My Long QT story – by Jodie Pearson, age 36
I was diagnosed with Long QT1 in 2010 when I was 27 years old. A close relative had been having “funny turns” at work with palpitations. Following one of these funny turns my relative went to see our GP, which my relative never does of their own accord. Anyway following the consultation with the GP he referred my relative to Cardiology. My relative actually came home and asked another family member what a Cardiologist was to which made us very worried.
Through my relative seeing a Cardiologist and having a basic ECG it was found that they had a prolonged heart rate which lead to the diagnosis of Long QT. As this is a genetic condition I was asked to have an ECG from which I was also diagnosed with Long QT. Other relatives then had to be tested to see which side of the family it had come down.
As my relative and I were both still under the age of 35 we were started on Beta Blockers, my relative was then sent for another test to find out what stage of Long QT we had (1-4). This test involved 2 Anaesthetists putting their heart under so much pressure to the point where they were at a dangerous risk of having a heart attack. Following this we were diagnosed with Long QT1 and treatment is lifelong medication. Relatives over the age of 35 were not started on any medication as after this age your risk reduces.
3 days after I was diagnosed and started on medication I was flying to Fuerteventura for my honeymoon. I was advised not to go into water alone or do any exercise in the water as sudden shock or adrenaline is what can cause our hearts into arrhythmia.
3 years after being diagnosed my husband and I decided we wanted to start a family. We had a discussion about the fact that there was a 50% chance I could pass the gene onto our child but my husband completely understood and said we would just deal with that if it happened. Unfortunately that did happen and I understood the guilt that my family members feel through passing this on.
While I was pregnant we were given the option of having the blood tested from the umbilical cord or waiting until the baby was slightly older and them having an ECG. We both decided we wanted to know as soon as possible so had the blood tested from the umbilical cord following the delivery. It was only 4 weeks later that I got a call from the Queen Elizabeth Hospital to say that my baby had the gene, I remember holding my baby while I was on the phone and being very calm until the call ended and I just broke down. When my baby was 6 months old they had their first consultation at the Birmingham Children’s Hospital and was started on lifelong medication.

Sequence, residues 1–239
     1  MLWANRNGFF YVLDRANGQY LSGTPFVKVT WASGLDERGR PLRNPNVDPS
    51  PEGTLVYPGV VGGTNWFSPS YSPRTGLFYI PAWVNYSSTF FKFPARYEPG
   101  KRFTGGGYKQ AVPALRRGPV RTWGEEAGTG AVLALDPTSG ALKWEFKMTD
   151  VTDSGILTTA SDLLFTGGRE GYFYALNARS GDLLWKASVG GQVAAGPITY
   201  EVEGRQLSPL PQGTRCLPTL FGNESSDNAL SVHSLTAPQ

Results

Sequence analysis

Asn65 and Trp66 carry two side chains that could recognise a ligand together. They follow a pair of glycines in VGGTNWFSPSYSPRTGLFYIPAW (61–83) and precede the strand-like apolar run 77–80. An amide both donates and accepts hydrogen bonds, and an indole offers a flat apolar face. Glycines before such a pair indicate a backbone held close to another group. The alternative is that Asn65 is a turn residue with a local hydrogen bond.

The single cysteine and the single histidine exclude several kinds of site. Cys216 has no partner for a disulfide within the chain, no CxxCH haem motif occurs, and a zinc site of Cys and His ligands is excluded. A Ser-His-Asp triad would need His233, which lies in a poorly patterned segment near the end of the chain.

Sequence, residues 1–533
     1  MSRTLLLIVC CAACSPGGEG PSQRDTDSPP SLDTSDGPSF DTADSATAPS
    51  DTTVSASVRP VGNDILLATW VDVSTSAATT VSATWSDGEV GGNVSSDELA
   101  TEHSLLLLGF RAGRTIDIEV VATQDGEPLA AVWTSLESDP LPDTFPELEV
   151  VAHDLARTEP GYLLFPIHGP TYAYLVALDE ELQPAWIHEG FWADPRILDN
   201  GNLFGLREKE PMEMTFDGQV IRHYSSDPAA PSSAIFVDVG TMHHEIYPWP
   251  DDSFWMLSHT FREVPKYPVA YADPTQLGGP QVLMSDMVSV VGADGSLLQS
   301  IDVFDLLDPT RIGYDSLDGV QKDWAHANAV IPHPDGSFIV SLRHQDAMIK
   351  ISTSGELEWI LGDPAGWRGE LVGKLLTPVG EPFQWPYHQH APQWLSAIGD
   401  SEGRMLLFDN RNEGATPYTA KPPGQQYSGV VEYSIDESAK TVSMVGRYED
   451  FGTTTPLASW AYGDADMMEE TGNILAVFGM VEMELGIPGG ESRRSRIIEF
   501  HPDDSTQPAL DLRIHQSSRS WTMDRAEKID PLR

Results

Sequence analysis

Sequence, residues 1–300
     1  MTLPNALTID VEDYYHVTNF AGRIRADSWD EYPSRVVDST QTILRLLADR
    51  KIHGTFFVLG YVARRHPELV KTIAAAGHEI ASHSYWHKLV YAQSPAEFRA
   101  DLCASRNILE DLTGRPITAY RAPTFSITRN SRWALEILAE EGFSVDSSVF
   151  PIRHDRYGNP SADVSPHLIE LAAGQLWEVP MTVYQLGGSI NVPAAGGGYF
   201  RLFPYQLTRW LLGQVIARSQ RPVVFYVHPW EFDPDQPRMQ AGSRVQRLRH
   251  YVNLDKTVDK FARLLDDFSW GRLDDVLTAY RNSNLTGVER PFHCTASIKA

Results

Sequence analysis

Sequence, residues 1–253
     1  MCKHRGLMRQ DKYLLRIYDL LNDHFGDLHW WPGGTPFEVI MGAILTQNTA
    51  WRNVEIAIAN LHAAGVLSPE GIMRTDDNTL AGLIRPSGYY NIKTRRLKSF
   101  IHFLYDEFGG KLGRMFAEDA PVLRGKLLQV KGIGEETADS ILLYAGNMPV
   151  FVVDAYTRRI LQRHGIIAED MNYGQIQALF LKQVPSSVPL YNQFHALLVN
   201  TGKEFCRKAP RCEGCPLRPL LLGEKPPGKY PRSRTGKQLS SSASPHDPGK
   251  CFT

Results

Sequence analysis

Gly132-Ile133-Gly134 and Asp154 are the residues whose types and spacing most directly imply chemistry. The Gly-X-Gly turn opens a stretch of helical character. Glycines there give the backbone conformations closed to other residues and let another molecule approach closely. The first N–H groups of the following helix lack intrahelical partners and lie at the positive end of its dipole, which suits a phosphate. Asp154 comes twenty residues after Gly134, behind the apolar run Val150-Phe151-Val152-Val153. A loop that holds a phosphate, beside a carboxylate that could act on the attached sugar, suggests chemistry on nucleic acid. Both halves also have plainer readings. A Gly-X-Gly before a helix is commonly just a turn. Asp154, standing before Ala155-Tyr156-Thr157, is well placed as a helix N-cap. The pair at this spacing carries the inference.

My baby isn’t a baby anymore and is now 7 years old, my child is amazing and takes their medication 3 times a day with no problems whatsoever. My child is fully aware that they have, what they call “a poorly heart” and understands that there are some things they are unable to do like sprinting, being supervised in the swimming pool etc. The school have been amazing, they give the medication, understand all about the condition and even alter physical activity so my child can still participate in sports day, they put my child in the races that do not involve sprinting.
In 2018 I did a fundraiser at work and opened a crowd funding page and raised £1700 to purchase a defibrillator and case for the school, which is up on the wall of the school and is available for the community to use as well. This just gave us as parents a bit of reassurance while my child was at school.
Myself, and 2 of my close relatives also participated in the Heart of London Bridges Walk in June 2019 which was a very emotional experience as we were the only ones there who were not walking in memory of someone but we’re lucky enough to have been diagnosed and be able to continue to live a normal life, we also managed to raise over £300 between the 3 of us.
So that is my story so far, I never really thought much about having a heart condition until I had my baby and they are the reason why I get more involved with raising awareness, raising the money for the defibrillator and when my child is older I would like us to do the Heart of London Bridge Walk together.